AMATS presented an overview of the plan in February, and you can view a recording of the presentation here. That’s a great way to get a quick overview of the plan’s contents. The plan consists of 205 pages! but it's easy to read with lots of informational graphics. You could also focus on the chapters that are of particular interest to you:

  • Chapter 1 (Introduction) describes the goals, objectives, and motivation behind the plan.

  • Chapter 2 (Existing Conditions) describes and maps existing bike/ped facilities as well as other factors considered by the plan, such as areas of high demand (such as business districts) and areas with a lower socioeconomic status where non-motorized transportation might be particularly needed. These factors were used to identify where more work is needed to improve the network.

  • Chapter 3 (Public Involvement) describes the steps taken to encourage past public participation in developing the plan.

  • Chapter 4 (Network Development) describes and maps the proposed connections to help improve the bike/ped transportation network.

  • Chapter 5 (Prioritization) indicates which proposed projects are the highest priority to be completed first.

  • Chapter 6 (Implementation) outlines several example projects with detailed guidance in how they might be implemented. These are only examples to illustrate costs, feasibility, and potential types of facilities - no set plans for any given project.

  • Chapter 7 (Design Guide) provides important information on specifically how projects could be designed to be bike- and ped-friendly.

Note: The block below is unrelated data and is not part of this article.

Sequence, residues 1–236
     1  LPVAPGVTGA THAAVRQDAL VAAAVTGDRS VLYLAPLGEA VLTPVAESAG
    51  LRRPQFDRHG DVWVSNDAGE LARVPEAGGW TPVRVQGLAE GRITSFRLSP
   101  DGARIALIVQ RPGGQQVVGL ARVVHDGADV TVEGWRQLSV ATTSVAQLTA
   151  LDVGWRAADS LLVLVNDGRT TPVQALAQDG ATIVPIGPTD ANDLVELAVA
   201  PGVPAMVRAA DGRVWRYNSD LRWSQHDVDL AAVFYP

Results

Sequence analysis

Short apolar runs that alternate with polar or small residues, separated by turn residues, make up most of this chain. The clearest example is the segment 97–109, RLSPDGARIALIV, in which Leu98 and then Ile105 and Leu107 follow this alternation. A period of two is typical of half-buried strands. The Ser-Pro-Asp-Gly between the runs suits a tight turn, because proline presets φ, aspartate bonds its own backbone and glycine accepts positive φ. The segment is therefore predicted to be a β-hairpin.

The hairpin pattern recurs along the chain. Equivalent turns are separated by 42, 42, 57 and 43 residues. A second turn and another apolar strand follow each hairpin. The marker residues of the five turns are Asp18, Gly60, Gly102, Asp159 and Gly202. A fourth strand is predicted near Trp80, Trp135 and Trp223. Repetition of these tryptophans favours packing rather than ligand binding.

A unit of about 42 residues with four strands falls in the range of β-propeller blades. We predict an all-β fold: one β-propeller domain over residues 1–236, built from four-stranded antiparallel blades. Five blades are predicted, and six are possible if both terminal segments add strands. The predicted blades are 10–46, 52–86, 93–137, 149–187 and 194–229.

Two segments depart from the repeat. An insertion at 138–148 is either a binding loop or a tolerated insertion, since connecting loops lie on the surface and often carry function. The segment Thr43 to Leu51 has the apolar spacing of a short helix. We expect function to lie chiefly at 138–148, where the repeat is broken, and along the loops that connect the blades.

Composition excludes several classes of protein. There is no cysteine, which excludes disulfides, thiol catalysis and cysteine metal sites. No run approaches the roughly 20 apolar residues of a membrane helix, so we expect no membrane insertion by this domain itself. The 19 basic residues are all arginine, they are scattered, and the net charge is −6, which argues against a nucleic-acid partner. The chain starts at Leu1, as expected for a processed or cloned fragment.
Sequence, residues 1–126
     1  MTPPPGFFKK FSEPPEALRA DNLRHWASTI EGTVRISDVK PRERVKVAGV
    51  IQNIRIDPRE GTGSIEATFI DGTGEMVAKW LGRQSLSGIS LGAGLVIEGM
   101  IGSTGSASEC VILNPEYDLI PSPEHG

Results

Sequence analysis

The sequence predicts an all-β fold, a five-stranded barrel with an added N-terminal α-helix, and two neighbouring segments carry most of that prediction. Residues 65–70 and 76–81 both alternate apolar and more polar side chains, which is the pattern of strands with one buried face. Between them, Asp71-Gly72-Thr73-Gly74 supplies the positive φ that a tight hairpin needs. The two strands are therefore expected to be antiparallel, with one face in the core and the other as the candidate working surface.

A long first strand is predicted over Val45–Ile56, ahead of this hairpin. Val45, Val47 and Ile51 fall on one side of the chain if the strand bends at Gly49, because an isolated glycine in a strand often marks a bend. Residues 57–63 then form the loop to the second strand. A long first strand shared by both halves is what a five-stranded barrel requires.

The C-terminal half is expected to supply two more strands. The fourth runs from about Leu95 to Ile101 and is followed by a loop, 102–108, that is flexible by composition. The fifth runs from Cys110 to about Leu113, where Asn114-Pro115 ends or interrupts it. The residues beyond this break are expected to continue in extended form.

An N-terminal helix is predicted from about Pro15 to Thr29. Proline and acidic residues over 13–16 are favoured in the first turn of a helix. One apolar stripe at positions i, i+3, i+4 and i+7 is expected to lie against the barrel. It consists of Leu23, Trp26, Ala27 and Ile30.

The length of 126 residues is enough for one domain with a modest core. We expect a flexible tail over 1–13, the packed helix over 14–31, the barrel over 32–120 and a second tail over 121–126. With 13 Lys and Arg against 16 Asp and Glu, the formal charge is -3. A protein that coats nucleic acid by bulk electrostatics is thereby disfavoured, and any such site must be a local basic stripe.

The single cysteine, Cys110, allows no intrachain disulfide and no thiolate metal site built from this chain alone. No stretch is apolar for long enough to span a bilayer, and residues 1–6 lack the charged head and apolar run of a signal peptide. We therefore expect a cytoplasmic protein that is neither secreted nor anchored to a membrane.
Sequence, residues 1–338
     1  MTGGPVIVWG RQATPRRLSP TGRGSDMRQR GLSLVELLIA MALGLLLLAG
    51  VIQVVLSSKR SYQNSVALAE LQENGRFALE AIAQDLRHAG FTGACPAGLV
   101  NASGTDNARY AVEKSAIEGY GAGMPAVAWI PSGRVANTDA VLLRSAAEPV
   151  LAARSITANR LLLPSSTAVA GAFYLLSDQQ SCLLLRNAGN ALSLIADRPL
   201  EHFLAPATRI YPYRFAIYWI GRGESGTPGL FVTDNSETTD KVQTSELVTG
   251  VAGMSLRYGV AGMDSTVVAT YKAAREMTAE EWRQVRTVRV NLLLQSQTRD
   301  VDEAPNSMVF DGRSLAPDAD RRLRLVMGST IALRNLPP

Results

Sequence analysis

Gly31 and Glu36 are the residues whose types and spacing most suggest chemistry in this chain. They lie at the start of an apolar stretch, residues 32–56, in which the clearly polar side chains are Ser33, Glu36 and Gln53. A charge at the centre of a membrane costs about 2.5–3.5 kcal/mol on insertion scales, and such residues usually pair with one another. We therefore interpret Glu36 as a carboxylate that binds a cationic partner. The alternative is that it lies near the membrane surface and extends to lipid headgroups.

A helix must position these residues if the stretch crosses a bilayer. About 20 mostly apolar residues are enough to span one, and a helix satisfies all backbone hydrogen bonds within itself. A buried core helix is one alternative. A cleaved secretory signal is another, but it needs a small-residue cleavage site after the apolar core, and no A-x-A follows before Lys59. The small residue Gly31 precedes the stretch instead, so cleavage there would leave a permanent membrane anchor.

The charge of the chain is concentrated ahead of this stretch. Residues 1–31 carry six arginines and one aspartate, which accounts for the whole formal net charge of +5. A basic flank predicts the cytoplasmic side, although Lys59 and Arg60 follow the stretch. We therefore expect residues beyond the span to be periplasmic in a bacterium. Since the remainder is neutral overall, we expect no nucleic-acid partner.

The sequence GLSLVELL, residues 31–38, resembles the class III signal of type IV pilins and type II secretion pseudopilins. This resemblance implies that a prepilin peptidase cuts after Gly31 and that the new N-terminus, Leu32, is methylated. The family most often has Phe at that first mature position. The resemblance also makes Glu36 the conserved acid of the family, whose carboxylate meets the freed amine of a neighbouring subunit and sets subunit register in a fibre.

Overall, Bike Anchorage supports this plan and agrees with its goals to make non-motorized transportation more feasible and comfortable as a way to get around Anchorage. We appreciate the data-driven approach to prioritizing projects, including considerations such as where people need to go and how existing inequities make non-motorized options particularly essential in some areas of town.

Bike Anchorage is currently preparing comments on the plan, and we will make that letter available here when it is completed. Our comments focus on three main areas:

    • Ensuring the “Existing Bicycle Network” map is accurate. The existing facilities, as displayed in the plan, provide an important baseline for evaluating where gaps in the network need to be filled. We will ask that the map be revised to remove or distinguish the “secondary paved paths” that are unsuitable for bicycling due to narrow width or high driveway density. We will also ask the plan to recognize that the winter bicycle network is much different from the summer one due to paved shoulders and bike lanes being uncleared or used for snow storage. We support the creation of a “prioritized winter bike network” that would indicate particular routes that would be prioritized for winter maintenance, providing a reliable way to move across the city even if the number of routes is reduced relative to the summer network.